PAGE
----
Efficacy of IBC in the Indian Financial Market

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Efficacy of IBC in the Indian Financial Market

The Insolvency and Bankruptcy Code (IBC) has been a much-discussed topic since its introduction in 2016.  Let me briefly touch upon the background of this law.

Banks in India have gone through unprecedented times with stressed assets portfolios touching an all-time high and very rightly the Reserve Bank of India (RBI) apprehended that there could be further significant additions as many stressed loans were disguised as ‘standard’, mostly by ever-greening. The government had attempted to force banks to clean up their balance sheets and came out with many regulatory steps aimed at improving their ability to deal with the stressed scenario.  However, RBI’s attempts failed to yield the desired effects.

In order to alleviate this difficulty, the government of India had introduced IBC in 2016, which would consolidate the existing framework and create a new institutional structure.  The code envisaged time bound processes for insolvency resolutions of companies and individuals, which thereby would help India improve its World Bank insolvency ranking and the country rating as well.

The key objectives of the IBC 2016 are:
•    To encourage entrepreneurship.
•    To make credit available.
•    To balance the interests of all stakeholders by consolidating and amending the existing laws relating to insolvency and bankruptcy.
•    To reduce the time of resolution for maximising the value of assets.

While talking about the “Code”, we must focus on the fact that it brings a paradigm shift from “debtors in possession” to “creditors in control”.  The test of Insolvency moves from “erosion of net worth” to “payment default”.  The ultimate aim is to increase the confidence of lenders and investors in the debt market.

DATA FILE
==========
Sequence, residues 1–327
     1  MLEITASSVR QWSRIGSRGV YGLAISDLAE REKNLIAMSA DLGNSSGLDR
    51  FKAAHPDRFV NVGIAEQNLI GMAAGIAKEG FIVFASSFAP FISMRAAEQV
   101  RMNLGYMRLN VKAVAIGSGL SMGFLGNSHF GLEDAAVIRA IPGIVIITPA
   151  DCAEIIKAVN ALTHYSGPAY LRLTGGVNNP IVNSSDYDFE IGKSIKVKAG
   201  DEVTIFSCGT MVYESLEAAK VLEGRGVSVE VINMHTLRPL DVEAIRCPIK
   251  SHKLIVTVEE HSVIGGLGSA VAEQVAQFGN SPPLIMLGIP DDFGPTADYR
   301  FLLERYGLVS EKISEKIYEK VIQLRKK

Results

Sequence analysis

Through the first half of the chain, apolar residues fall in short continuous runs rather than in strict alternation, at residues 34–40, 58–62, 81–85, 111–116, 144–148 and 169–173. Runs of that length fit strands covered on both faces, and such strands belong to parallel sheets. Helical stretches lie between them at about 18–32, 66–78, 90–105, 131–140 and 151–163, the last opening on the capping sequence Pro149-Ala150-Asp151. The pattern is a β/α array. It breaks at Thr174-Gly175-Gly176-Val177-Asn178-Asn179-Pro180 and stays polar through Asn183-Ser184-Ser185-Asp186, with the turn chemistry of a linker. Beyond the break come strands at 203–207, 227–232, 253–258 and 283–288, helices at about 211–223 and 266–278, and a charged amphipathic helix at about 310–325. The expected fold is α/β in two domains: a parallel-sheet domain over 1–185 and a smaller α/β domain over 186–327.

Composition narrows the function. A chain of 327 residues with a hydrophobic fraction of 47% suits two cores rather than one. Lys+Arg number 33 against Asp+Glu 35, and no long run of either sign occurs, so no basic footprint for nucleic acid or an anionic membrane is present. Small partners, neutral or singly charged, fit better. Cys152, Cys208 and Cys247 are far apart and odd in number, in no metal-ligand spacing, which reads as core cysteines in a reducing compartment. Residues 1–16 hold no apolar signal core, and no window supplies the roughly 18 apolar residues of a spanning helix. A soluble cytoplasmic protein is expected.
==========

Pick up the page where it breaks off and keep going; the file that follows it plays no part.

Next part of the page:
Against this backdrop, we need to fully appreciate the effectiveness of the resolution's progress.

Since the provisions of the Corporate Insolvency Resolution Process (CIRP) came into effect on December 1, 2016, a total of 4,376 CIRPs have commenced till the end of March 2021.  (Source: IBBI’s latest Qtly Newsletter).

Out of the total, 2653 have been closed, including 348 CIRPs that ended in the approval of resolution plans.  617 CIRPs were closed on appeal or review or settled, whilst 411 were withdrawn and 1277 were ordered for liquidation. (Source: IBBI’s latest quarterly newsletter).

According to IBBI’s (Insolvency and Bankruptcy Board of India) chairperson M.S. Sahoo, “Fueled by a huge unsatisfied appetite for freedom of exit, the insolvency law is changing the way society perceives business failures as it becomes necessary”.  Although six amendments and dozens of subordinate legislations have kept the code relevant with the changing needs, a question could be raised if it has been able to remove the impediments in the implementation process.

The inordinate delay in the final resolution i.e. implementation of the code is truly beating the purpose of the same. On 23rd June 2021, RPG group Chairman, Harsh Goenka said NCLT should be the next institution to be cleansed by the government to prevent, “hard earned public money being stolen” as company promoters stash away money on one side and get 80-90% haircut from banks during the insolvency resolution process (case ref: Siva Industries, Videocon etc.).

There are many more examples and many company resolution processes are stuck in various court cases.

These examples of exceptionally low settlement amounts have raised many eyebrows and several questions could be asked as to why the lenders / creditors have accepted such incredibly low amounts for settlements.  It would be pertinent to point out that in the process of these very low settlement amounts many companies in the MSME sector have perforce had to close down, leaving thousands of employees jobless in these hard days of Covid-19.

Goenka has rightly raised a very valuable point as stated above.  Both the government of India and RBI should take a critical relook at the whole system and take appropriate measures expeditiously to fulfill the objectives of the law and foster strengthening of the financial sector.  

(The author is former member of the Board of Directors of Standard Chartered Bank Nepal Limited.)

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